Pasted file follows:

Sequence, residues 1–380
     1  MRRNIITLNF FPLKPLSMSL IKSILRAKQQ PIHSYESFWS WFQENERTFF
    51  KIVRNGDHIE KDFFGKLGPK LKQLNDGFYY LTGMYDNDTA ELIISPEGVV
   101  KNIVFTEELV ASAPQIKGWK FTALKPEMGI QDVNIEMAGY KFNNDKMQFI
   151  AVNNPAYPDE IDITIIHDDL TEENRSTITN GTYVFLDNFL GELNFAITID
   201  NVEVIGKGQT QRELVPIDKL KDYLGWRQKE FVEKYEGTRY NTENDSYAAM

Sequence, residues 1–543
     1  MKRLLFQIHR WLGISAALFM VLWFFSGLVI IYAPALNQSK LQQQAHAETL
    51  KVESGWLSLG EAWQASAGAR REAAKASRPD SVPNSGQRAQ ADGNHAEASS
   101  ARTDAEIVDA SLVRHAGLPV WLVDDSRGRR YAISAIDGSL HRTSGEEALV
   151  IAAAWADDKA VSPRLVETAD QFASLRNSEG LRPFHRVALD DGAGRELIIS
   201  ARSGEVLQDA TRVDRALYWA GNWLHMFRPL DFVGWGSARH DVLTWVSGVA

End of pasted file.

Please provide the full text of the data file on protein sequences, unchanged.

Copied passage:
Sequence, residues 1–380
     1  MRRNIITLNF FPLKPLSMSL IKSILRAKQQ PIHSYESFWS WFQENERTFF
    51  KIVRNGDHIE KDFFGKLGPK LKQLNDGFYY LTGMYDNDTA ELIISPEGVV
   101  KNIVFTEELV ASAPQIKGWK FTALKPEMGI QDVNIEMAGY KFNNDKMQFI
   151  AVNNPAYPDE IDITIIHDDL TEENRSTITN GTYVFLDNFL GELNFAITID
   201  NVEVIGKGQT QRELVPIDKL KDYLGWRQKE FVEKYEGTRY NTENDSYAAM

Sequence, residues 1–543
     1  MKRLLFQIHR WLGISAALFM VLWFFSGLVI IYAPALNQSK LQQQAHAETL
    51  KVESGWLSLG EAWQASAGAR REAAKASRPD SVPNSGQRAQ ADGNHAEASS
   101  ARTDAEIVDA SLVRHAGLPV WLVDDSRGRR YAISAIDGSL HRTSGEEALV
   151  IAAAWADDKA VSPRLVETAD QFASLRNSEG LRPFHRVALD DGAGRELIIS
   201  ARSGEVLQDA TRVDRALYWA GNWLHMFRPL DFVGWGSARH DVLTWVSGVA